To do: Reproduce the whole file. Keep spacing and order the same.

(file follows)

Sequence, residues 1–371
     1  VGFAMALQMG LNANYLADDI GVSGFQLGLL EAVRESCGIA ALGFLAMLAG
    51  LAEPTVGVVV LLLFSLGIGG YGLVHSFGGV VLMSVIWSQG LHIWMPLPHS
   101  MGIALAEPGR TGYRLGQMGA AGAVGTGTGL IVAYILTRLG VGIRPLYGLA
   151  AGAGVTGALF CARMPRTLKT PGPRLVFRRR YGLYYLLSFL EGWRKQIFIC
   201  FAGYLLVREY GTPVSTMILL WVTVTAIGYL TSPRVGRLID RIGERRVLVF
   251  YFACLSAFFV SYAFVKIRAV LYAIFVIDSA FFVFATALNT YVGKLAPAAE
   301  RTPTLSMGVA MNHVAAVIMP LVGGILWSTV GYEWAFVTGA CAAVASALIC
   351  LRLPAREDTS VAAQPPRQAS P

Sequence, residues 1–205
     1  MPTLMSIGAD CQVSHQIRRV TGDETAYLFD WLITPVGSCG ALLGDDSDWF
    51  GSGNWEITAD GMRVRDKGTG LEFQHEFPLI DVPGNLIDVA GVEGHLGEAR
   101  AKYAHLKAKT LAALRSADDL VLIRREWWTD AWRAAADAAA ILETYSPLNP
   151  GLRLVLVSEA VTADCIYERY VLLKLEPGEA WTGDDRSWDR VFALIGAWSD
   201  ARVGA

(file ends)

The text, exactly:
Sequence, residues 1–371
     1  VGFAMALQMG LNANYLADDI GVSGFQLGLL EAVRESCGIA ALGFLAMLAG
    51  LAEPTVGVVV LLLFSLGIGG YGLVHSFGGV VLMSVIWSQG LHIWMPLPHS
   101  MGIALAEPGR TGYRLGQMGA AGAVGTGTGL IVAYILTRLG VGIRPLYGLA
   151  AGAGVTGALF CARMPRTLKT PGPRLVFRRR YGLYYLLSFL EGWRKQIFIC
   201  FAGYLLVREY GTPVSTMILL WVTVTAIGYL TSPRVGRLID RIGERRVLVF
   251  YFACLSAFFV SYAFVKIRAV LYAIFVIDSA FFVFATALNT YVGKLAPAAE
   301  RTPTLSMGVA MNHVAAVIMP LVGGILWSTV GYEWAFVTGA CAAVASALIC
   351  LRLPAREDTS VAAQPPRQAS P

Sequence, residues 1–205
     1  MPTLMSIGAD CQVSHQIRRV TGDETAYLFD WLITPVGSCG ALLGDDSDWF
    51  GSGNWEITAD GMRVRDKGTG LEFQHEFPLI DVPGNLIDVA GVEGHLGEAR
   101  AKYAHLKAKT LAALRSADDL VLIRREWWTD AWRAAADAAA ILETYSPLNP
   151  GLRLVLVSEA VTADCIYERY VLLKLEPGEA WTGDDRSWDR VFALIGAWSD
   201  ARVGA